beginning with art

      “People holding this view of art, contrary to the modern view which considers all art good as long as it affords pleasure, thought and think that art, unlike the word, to which people need not listen, is so highly dangerous in its capacity for infecting people against their will, that mankind would lose far less if all art were banished than if every kind of art were tolerated.
       “Those people who rejected all art were obviously wrong, because they rejected what cannot be rejected – one of the most necessary means of communication, without which mankind cannot live.  But no less wrong are the people of our civilized . . . society, circle, and time, in tolerating all art as long as it serves beauty – that is, gives people pleasure.
      “Formerly, there was fear that among objects of art some corrupting objects might be found, and so all art was forbidden.  Now, there is only fear lest they be deprived of some pleasure afforded by art, and so all art is patronized.  And I think that the second error is much greater than the first and that its consequences are much more harmful.”    ~Leo Tolstoy, What Is Art?

I love it when brilliant people crystallize things towards which I have thought but not found expression.  I love truth.  Ah, yes, this is the thing toward which all of my busyness is working.  This is the reason I pursue difficult theorems through tangled texts, keep late hours, and am so very happy after Aesthetics class . . . green pastures, quiet waters, truth. 

Tolstoy describes art as a vital means of communion among people.  In other words, art is a way of unifying.  Unity.  The idea that something is needed to bring unity presupposes that things are not unified.  That there are broken things that need to be made whole.  To be restored.  He restores my soul.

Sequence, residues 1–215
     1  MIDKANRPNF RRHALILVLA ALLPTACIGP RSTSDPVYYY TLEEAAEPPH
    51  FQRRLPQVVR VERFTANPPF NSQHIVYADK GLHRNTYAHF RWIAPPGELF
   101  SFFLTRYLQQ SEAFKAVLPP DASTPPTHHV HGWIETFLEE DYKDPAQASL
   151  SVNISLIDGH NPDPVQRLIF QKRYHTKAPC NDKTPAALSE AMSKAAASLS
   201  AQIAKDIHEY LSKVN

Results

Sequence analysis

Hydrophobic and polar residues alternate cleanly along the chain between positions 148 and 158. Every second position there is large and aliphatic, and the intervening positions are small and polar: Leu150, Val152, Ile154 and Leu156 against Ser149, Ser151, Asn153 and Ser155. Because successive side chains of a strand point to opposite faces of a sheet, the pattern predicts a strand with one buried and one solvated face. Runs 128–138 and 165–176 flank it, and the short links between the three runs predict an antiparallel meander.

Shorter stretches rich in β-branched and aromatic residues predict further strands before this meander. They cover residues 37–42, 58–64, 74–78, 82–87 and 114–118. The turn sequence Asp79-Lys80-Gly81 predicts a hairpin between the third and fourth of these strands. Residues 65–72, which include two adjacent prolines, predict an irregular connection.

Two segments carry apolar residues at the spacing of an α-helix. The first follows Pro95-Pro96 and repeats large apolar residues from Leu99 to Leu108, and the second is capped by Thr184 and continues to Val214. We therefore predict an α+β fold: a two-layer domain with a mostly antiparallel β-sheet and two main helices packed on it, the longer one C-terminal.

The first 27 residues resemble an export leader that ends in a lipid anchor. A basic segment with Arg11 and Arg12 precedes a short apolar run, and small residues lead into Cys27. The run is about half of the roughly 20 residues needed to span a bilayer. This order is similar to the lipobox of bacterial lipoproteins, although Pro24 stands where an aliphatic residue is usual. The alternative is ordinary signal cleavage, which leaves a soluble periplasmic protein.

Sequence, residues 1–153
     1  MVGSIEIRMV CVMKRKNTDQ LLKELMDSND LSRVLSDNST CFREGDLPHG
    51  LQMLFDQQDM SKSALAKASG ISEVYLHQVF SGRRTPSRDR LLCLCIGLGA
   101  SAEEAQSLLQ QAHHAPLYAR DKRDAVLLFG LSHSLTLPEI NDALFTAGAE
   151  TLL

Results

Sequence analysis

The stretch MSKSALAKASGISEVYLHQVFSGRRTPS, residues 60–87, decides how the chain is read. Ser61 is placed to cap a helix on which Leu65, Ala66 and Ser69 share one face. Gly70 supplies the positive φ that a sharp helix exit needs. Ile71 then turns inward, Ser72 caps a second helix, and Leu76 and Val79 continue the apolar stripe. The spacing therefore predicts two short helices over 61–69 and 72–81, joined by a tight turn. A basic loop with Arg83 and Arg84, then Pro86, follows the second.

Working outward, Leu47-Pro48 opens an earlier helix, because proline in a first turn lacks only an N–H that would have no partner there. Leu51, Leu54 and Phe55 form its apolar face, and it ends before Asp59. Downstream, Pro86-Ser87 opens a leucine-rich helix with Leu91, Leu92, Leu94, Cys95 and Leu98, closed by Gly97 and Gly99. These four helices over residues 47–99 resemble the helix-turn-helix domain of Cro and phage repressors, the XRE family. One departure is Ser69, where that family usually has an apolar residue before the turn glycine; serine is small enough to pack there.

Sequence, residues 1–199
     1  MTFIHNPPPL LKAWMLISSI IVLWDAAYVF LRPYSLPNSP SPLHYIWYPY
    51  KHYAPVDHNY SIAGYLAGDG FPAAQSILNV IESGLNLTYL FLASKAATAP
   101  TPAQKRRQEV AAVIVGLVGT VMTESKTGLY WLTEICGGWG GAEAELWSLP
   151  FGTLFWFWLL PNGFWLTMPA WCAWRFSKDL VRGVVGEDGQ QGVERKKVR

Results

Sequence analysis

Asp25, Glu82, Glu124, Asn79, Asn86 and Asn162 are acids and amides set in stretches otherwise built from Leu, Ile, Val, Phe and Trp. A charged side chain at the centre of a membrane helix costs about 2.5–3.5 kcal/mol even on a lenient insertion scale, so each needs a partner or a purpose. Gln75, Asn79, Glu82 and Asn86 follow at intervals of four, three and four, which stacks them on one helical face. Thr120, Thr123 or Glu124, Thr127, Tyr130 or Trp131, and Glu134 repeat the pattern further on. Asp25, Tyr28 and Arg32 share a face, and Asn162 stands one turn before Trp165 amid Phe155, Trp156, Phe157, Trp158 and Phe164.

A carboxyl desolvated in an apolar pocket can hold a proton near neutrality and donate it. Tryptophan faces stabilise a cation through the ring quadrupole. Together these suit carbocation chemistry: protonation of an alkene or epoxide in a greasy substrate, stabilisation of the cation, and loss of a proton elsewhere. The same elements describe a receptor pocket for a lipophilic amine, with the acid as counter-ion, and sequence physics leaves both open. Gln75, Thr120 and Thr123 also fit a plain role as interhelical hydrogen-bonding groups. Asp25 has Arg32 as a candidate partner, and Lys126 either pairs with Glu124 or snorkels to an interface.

Last week, I read selections from Nietzsche.  The editor entitled the selection “Art as Redemption.”  There it is again: redemption.  Restoration.  According to Nietzsche, there are two varieties of art, but the one that came closest to representing reality was the one which broke down barriers between people and brought unity.  Nietzsche was pretty far off the mark in most things, but he echoes a fundamental human longing.  The problem is, while art brings some superficial restoration of broken relation, art cannot bring complete unity.  It cannot utterly redeem. 

“For He Himself is our peace, who has made both of us into one has broken down in his flesh the dividing wall of hostility . . .” 

Unity.  Restoration.  He is the Truth.

4 thoughts on “beginning with art

  1. siberiangrits says:

    I have really been enjoying your blog, Stacy. Thank you for sharing your thoughts This piece is really good in particular. I appreciate how your thoughts always go back to Christ!
    -Cristy

  2. pursuingthreshold says:

    Isn’t it nice to be affirmed in what your doing by very intelligent people?

    (I don’t think Nietzsche was “wrong” nec. He just took the world’s paradigm and was smart enough to follow it to the end…..maybe)

  3. Nat says:

    Thanks Stacy! For some reason my computer deleted your comment but I really appreciate what you wrote! I know that sometimes those passages become so familiar that I grow somewhat numb to them so thank you for the reminder. 🙂

  4. pursuingthreshold says:

    It seems that humans can be extremely good at coping with things that aren’t the way they should be….almost like they can choose, for a time, not to feel pain.

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